When we opened the new sanctuary at First UMC, I made a decision to not speak too much more about the fire of 2006. With what we’re witnessing the fire of the Notre Dame Cathedral I feel led to write a few words knowing a few words can not adequately speak to situation at hand.
The images I’m watching now of the Notre Dame Cathedral are truly heartbreaking. Since I was not the pastor yet of First UMC, I remember watching on TV similar flames in Downtown Memphis when the sanctuary built in 1893 burned. While a 113 years is old in Memphis, TN it is not nearly as old as Notre Dame which was built in the 13th Century. I can not help but draw certain similarities that must be ringing out in the hearts and minds of the people of First Church who were a part of the church when the fire occurred in 2006.
I have heard many stories of the tears that were shed that day. Some tears because of the destruction of a beautiful building that had endured for many years. The majority of gut wrenching tears were because within the walls of the sanctuary countless children were baptized. Hundreds if not thousands of young couples began their journey of marriage together there. So many people had experienced for the first time in their lives the transformational grace of God in their lives. Many people heard and responded to the call to ministry God had place on their lives.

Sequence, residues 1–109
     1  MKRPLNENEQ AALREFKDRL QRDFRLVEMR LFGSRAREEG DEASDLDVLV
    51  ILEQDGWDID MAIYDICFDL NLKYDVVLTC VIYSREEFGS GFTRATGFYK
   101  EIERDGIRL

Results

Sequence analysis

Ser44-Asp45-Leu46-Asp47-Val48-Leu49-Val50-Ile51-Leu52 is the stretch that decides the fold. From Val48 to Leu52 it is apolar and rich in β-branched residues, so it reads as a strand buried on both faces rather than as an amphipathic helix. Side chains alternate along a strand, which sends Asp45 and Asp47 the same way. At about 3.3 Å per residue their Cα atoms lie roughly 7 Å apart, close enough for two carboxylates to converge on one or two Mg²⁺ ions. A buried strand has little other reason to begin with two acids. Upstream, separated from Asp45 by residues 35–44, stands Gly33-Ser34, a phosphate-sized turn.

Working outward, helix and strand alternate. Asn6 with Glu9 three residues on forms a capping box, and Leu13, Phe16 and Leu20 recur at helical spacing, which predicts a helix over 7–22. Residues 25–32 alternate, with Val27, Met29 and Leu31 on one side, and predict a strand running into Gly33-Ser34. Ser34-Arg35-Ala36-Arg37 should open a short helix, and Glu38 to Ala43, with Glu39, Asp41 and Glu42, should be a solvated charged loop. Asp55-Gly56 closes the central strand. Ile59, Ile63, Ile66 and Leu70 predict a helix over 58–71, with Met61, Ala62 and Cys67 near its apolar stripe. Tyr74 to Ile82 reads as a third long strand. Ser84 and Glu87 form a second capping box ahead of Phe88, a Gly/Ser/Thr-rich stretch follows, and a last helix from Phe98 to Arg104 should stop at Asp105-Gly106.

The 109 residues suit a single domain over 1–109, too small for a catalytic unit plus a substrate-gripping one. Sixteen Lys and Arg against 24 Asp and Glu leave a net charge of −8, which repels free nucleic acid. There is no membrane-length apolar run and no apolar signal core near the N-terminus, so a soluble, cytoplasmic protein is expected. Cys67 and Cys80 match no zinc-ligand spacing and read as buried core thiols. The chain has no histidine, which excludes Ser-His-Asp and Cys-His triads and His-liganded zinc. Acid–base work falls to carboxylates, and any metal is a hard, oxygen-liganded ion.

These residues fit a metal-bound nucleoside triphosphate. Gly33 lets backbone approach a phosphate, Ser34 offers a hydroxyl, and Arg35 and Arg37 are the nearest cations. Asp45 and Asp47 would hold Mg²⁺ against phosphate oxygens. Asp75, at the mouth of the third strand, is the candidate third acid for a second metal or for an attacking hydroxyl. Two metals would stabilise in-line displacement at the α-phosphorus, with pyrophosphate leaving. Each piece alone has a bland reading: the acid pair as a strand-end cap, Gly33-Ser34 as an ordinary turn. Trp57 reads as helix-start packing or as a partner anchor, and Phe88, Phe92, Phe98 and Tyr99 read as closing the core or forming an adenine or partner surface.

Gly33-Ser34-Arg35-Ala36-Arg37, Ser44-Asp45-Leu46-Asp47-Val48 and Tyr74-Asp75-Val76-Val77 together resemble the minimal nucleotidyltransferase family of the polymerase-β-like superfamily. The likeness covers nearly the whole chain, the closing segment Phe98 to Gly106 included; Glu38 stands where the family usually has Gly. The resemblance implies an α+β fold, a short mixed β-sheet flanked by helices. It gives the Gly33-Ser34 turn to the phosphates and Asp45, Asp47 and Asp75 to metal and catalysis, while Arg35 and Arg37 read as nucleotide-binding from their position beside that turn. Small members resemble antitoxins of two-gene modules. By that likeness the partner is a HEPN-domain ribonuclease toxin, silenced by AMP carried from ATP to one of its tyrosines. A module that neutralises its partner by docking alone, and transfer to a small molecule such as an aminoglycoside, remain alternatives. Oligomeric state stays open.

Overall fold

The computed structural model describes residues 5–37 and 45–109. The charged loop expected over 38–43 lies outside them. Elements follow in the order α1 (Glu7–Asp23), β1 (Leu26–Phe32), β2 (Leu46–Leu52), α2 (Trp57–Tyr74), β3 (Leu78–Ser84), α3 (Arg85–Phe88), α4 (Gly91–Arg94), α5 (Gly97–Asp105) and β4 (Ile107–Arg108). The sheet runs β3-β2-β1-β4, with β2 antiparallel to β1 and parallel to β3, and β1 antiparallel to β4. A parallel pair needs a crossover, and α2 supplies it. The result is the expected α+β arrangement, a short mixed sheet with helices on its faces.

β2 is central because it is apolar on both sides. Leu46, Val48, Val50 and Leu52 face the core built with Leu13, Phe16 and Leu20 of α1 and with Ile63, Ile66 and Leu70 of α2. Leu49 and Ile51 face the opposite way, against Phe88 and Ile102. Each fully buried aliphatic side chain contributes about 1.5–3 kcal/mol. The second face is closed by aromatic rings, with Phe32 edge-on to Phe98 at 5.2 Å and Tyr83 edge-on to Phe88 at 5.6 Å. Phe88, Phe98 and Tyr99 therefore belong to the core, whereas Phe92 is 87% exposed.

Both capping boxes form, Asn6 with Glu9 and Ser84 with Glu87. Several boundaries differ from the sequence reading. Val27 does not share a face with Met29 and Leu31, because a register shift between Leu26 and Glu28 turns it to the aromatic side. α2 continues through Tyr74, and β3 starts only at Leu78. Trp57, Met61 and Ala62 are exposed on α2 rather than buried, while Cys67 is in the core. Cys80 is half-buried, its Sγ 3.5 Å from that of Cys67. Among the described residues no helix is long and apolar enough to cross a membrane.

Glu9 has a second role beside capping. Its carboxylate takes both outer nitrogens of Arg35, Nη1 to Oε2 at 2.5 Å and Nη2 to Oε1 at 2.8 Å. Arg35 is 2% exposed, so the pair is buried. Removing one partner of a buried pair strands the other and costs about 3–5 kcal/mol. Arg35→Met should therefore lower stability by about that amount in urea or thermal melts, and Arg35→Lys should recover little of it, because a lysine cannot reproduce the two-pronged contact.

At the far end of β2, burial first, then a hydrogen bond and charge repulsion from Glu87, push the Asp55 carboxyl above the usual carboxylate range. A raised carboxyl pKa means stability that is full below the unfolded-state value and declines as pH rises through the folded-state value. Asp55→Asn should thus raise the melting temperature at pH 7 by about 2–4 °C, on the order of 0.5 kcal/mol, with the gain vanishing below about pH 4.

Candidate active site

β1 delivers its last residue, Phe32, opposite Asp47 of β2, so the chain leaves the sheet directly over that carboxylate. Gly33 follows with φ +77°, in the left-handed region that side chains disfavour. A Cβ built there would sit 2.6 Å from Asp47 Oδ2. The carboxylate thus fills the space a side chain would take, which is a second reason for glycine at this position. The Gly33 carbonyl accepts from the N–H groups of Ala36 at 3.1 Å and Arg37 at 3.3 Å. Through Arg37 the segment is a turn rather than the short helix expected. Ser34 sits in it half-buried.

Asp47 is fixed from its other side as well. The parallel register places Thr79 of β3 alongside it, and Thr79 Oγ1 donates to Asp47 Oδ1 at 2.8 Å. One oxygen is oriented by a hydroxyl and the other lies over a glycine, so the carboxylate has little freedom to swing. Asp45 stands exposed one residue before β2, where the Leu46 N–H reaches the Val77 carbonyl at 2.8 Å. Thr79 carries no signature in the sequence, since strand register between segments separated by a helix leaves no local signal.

Now would not be the proper time to speak these words into the lives of those grieving the loss of the great Notre Dame cathedral but at the right time if I were able to speak words of hope to them I would tell them:
In the years that have past since the fire that destroyed our sanctuary, we at First Church have been reminded that buildings (even beautiful historic sanctuaries) are really just containers of the transforming work that takes place inside. Over time the people of First Church began to see the transforming work of God in their lives was not tethered to a building.
At the right time, God began to move us in the direction of building a new sanctuary. A new space to be home for God’s work in and through us.
This Sunday as we celebrate Easter, it is my prayer that those who have been dearly impacted by the ministries contained within Notre Dame will see a glimmer of hope that if Jesus can defeat death, offer us the gift of redemption, and secure the promise to make all things new; he can and will bring hope out of the rubble and ashes that will stand where that once great cathedral once stood. Even as great building fall a church that stands on Christ will stand forever.
Grace and Peace,